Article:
The website Robot Hugs has published a touching and thoughtful comic explaining what privilege is, why people should be aware of it, and how to be sensitive about your own privilege when interacting with other people.
But the comic reveals something else as well. Challenging people with the phrase “check your privilege!” isn’t just being strident and bullying; it actively works against the philosophy that it espouses. As a rhetorical strategy, it is worse than useless: it completely undermines the world-view from which is has supposedly emerged. It is essentially advising people to be courteous and polite in the least courteous and polite way imaginable.
Toward the end of the full comic there is some advice about how you can be responsible and mindful about your own privilege. Most of what it suggests is nothing more than common-sense advice on courtesy and respect.
Listen to people who have less privilege than you, and do not attempt to speak for them. Don’t merely respect other people’s perspectives, but really try to understand them. Don’t spend your time defending your own perspective or trying to convince others that they are wrong. Actively seek out and understand the perspectives of others, especially those who do not share the same privileges that you do.
None of this stuff is complicated, really. It means: be polite, be gracious. It means: approach other people as if you are the student and they are the teachers, and not the other way around. It means: assume that you might need to learn more about their point of view, rather than assuming that you need to teach them a lesson.
But here is the million dollar question: does the phrase “check your privilege!” follow this considerate, respectful mode of interaction that it is (in theory) advocating? Of course it doesn’t.
First, it is a command. Asserting commands over other people is inherently an act of privilege, as well as an act of dominance. Only those who have privilege in a particular situation are able to give commands and be taken seriously; thus, to issue a command and exert dominance over another human being is inherently to exercise privilege. That is why being mindful of privilege means asking questions, not giving commands.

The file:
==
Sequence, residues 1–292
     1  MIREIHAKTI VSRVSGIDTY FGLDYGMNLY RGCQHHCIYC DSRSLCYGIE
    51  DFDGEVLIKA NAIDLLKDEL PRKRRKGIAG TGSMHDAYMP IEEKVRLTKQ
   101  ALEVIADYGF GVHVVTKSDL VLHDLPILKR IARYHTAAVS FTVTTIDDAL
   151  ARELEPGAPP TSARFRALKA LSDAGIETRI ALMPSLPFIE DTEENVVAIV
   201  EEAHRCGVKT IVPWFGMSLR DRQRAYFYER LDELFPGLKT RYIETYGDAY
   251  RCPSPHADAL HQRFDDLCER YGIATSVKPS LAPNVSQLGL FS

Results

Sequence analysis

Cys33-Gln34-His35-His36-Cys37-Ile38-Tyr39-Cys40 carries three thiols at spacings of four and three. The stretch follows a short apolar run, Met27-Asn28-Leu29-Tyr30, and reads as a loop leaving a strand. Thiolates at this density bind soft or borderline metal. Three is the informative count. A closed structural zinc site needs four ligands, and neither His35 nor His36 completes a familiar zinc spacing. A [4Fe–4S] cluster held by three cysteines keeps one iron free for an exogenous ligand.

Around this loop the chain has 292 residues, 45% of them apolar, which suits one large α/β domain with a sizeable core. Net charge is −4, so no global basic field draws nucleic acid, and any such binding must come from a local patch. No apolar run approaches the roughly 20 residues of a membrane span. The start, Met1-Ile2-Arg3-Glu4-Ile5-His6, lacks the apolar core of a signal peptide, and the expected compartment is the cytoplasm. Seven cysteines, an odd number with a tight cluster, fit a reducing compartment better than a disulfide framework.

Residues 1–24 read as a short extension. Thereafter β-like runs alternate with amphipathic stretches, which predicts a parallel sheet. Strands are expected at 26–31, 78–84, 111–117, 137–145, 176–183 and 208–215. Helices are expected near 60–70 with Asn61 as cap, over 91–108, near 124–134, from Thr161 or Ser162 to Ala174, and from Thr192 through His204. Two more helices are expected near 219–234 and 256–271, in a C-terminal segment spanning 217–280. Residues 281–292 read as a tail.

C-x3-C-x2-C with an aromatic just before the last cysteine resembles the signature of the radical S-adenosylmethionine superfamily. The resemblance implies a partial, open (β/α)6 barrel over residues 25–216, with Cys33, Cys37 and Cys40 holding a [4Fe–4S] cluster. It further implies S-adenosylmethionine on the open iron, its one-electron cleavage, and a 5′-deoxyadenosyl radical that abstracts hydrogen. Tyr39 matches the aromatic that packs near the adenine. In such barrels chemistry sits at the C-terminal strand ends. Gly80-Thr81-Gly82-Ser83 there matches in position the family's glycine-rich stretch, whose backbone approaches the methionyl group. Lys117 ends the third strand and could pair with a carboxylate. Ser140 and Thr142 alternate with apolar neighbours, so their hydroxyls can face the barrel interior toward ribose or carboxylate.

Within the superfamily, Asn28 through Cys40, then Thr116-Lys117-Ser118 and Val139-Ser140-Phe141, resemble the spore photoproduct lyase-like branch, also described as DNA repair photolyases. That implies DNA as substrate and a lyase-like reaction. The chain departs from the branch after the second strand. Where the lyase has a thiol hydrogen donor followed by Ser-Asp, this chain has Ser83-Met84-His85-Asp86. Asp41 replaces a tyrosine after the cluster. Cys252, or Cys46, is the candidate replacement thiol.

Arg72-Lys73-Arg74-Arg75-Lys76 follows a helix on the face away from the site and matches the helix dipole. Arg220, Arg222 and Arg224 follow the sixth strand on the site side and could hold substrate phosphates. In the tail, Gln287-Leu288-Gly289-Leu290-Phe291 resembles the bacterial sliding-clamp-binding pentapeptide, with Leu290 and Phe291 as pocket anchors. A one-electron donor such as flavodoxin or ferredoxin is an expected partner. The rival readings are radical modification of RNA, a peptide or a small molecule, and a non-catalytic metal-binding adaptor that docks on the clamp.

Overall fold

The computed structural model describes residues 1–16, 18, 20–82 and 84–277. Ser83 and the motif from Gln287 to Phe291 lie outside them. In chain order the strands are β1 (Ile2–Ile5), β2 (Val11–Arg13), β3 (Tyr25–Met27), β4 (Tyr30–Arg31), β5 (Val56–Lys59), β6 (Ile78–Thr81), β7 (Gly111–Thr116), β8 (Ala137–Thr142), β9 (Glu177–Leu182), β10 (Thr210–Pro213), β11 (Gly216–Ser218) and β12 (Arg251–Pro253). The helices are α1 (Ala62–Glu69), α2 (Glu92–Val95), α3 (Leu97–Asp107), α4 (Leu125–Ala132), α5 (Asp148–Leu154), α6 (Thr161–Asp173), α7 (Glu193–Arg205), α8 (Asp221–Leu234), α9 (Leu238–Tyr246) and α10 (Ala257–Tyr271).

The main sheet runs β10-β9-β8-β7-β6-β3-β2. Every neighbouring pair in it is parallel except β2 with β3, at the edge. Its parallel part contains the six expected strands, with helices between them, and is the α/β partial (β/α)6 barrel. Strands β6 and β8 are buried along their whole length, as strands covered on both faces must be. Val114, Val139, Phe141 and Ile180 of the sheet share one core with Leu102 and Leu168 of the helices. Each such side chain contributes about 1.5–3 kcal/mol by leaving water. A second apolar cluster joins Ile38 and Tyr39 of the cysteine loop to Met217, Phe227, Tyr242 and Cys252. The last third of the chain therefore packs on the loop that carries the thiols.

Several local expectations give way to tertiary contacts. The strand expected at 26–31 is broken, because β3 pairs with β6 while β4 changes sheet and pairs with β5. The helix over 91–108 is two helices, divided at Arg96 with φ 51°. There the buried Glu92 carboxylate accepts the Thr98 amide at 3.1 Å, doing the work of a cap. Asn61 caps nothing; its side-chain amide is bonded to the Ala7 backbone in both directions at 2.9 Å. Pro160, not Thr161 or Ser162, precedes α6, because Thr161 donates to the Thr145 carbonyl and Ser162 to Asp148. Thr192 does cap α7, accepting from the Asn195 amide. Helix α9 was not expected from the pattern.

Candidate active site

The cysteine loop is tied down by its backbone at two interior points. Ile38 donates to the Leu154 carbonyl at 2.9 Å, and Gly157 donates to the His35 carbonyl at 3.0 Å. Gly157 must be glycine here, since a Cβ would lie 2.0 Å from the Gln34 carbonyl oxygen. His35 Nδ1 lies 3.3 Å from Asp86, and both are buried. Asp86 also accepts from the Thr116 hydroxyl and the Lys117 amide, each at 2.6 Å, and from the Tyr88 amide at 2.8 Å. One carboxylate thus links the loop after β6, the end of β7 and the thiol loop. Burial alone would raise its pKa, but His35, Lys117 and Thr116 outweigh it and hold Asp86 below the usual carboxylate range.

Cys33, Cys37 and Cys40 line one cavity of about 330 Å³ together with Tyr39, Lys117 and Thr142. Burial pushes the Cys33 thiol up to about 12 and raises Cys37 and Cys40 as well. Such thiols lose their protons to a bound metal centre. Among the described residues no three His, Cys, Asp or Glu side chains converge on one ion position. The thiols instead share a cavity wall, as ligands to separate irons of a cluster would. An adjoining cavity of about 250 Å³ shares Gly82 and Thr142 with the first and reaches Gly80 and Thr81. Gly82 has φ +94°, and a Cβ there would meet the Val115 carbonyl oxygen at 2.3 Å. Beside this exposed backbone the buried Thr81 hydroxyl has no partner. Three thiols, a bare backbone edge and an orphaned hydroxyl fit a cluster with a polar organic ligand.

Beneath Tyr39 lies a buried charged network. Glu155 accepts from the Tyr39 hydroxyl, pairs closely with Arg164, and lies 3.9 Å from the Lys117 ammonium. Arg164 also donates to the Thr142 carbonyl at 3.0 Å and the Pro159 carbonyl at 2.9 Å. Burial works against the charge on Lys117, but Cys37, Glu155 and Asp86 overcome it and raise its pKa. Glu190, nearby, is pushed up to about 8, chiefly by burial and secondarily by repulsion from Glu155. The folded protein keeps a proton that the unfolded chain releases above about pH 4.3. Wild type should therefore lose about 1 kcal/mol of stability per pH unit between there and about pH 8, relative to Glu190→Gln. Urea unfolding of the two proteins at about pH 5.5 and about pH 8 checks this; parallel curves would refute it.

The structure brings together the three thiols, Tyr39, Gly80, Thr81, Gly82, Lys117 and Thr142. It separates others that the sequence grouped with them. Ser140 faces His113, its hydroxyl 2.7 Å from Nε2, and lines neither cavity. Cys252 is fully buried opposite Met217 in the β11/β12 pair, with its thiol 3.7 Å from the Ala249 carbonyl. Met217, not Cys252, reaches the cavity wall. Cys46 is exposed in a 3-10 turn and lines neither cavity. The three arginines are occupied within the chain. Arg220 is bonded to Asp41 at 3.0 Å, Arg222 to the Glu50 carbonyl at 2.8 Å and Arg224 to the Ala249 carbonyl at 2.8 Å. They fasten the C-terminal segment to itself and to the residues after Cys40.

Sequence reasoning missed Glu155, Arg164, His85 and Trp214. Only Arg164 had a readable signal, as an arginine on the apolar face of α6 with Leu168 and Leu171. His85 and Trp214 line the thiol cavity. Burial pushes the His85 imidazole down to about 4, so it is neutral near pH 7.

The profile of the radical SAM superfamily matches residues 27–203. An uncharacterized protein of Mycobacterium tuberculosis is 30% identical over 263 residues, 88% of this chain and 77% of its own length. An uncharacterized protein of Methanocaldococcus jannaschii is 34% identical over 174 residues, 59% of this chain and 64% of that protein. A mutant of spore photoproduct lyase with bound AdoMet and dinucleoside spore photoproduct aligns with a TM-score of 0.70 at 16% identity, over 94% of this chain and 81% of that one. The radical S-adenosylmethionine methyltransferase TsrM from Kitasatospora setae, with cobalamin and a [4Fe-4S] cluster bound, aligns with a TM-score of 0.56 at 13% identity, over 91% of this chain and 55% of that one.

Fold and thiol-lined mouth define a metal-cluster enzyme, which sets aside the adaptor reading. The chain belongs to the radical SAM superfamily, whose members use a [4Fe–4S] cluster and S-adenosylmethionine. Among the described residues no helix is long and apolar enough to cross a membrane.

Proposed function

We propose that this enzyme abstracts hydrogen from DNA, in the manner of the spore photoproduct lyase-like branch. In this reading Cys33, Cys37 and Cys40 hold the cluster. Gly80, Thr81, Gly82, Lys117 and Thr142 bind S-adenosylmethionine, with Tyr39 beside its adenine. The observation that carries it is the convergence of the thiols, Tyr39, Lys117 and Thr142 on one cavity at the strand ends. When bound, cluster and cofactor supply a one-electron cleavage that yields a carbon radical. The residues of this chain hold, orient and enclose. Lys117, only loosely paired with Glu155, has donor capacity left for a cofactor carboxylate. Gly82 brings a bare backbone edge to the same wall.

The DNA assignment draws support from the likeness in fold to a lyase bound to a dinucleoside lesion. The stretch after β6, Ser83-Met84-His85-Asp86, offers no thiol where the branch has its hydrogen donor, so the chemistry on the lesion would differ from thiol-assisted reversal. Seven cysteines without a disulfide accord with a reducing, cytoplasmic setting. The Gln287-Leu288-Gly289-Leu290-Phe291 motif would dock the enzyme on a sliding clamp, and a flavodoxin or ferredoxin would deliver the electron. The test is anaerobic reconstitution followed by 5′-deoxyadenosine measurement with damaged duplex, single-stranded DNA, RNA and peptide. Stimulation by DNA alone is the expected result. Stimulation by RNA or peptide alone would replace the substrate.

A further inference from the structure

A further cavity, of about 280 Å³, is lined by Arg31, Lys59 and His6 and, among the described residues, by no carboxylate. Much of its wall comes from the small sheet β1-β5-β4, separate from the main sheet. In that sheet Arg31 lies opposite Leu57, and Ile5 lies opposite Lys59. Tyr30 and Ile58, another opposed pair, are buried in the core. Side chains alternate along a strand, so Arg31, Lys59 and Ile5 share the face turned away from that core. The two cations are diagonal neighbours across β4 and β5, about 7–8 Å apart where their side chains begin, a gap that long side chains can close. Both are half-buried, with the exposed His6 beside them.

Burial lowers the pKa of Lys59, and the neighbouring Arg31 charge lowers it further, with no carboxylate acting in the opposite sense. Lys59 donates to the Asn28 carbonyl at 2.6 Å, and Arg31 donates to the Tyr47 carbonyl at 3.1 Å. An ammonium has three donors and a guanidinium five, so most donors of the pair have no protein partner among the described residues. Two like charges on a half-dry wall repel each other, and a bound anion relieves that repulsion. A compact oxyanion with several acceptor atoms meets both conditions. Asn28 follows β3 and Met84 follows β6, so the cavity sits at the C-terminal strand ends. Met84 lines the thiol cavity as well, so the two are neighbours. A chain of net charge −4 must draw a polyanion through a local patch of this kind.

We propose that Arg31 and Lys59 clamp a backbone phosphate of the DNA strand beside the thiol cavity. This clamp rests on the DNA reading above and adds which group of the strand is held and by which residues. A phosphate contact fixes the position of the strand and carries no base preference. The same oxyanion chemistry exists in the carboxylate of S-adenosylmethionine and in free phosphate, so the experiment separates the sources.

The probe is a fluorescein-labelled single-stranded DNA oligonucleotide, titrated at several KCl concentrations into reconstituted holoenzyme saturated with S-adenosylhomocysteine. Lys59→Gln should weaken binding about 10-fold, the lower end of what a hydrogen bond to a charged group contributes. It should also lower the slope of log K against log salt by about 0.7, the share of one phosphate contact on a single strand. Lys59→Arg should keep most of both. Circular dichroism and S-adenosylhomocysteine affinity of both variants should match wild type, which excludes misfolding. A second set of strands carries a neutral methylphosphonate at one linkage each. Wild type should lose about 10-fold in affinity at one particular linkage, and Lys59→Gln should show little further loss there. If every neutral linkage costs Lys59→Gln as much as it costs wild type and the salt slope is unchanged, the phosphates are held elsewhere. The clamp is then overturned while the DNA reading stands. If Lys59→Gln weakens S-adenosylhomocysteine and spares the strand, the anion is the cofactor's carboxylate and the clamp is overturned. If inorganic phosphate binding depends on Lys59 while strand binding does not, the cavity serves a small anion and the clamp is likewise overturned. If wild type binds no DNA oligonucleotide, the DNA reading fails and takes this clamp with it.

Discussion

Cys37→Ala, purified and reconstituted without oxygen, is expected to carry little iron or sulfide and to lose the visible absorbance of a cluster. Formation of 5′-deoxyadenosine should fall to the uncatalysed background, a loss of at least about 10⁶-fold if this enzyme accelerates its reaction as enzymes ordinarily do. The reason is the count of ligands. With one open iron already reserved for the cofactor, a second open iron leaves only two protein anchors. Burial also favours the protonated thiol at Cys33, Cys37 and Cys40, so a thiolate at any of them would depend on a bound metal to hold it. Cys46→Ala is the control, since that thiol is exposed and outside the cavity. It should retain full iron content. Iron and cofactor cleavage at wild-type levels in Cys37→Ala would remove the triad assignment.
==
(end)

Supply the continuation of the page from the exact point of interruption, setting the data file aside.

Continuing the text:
Second, it is not respectful of the other person. The violence of privilege appears when anyone blindly approaches others with differing views as children or ignoramuses who need to be educated. The fact that you believe that another person’s acts come from a place of privilege does not excuse you from the requirement of being respectful of that person’s point of view.
Finally, commanding someone to “check your privilege” is not putting you in a position of being a learner and a seeker. And that is what you are really asking other people to do, isn’t it? When you ask people to be mindful of their own privilege, what you are asking is that they be open to learning from the world instead of imposing their own perspective on the world. Telling someone to “check your privilege” does not do that.
Never in the history of human interaction has the phrase “check your privilege” brought people together or resulted in greater understanding. It is a bludgeon of a phrase that people use when they want to shut someone up and put him in his place, which completely undermines the instructions it is giving.
No matter what your level of privilege, you should be courteous and mindful in conversation. When I say, “Talk to people as if you need to learn why their view is right, not explain to them why they are wrong,” many people react very negatively. They hate the idea. It feels submissive. It feels like giving in. “Why would I do that,” they ask, “When I know I’m right?”
The answer is simple: if both sides of the conversation do this, then it will be able to move forward. If both sides of a debate go in with a little humility, then it can be a rational conversation with learning and dialogue, instead of a pissing contest between two sides who refuse to “give in” to each other.
That’s why being mindful, in the sense of being courteous and polite, is always good advice; whereas “check your privilege” quite simply has to die.